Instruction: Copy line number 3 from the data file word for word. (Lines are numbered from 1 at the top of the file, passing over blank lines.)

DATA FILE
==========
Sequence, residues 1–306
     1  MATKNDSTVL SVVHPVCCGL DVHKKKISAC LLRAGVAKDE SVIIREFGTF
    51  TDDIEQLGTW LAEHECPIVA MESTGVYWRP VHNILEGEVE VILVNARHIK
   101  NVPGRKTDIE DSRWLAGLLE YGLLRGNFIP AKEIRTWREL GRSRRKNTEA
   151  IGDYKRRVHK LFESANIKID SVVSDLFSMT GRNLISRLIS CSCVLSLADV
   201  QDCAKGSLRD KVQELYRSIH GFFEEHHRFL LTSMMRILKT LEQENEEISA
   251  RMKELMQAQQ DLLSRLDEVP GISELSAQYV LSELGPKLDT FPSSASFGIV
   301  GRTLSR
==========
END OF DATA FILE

    51  TDDIEQLGTW LAEHECPIVA MESTGVYWRP VHNILEGEVE VILVNARHIK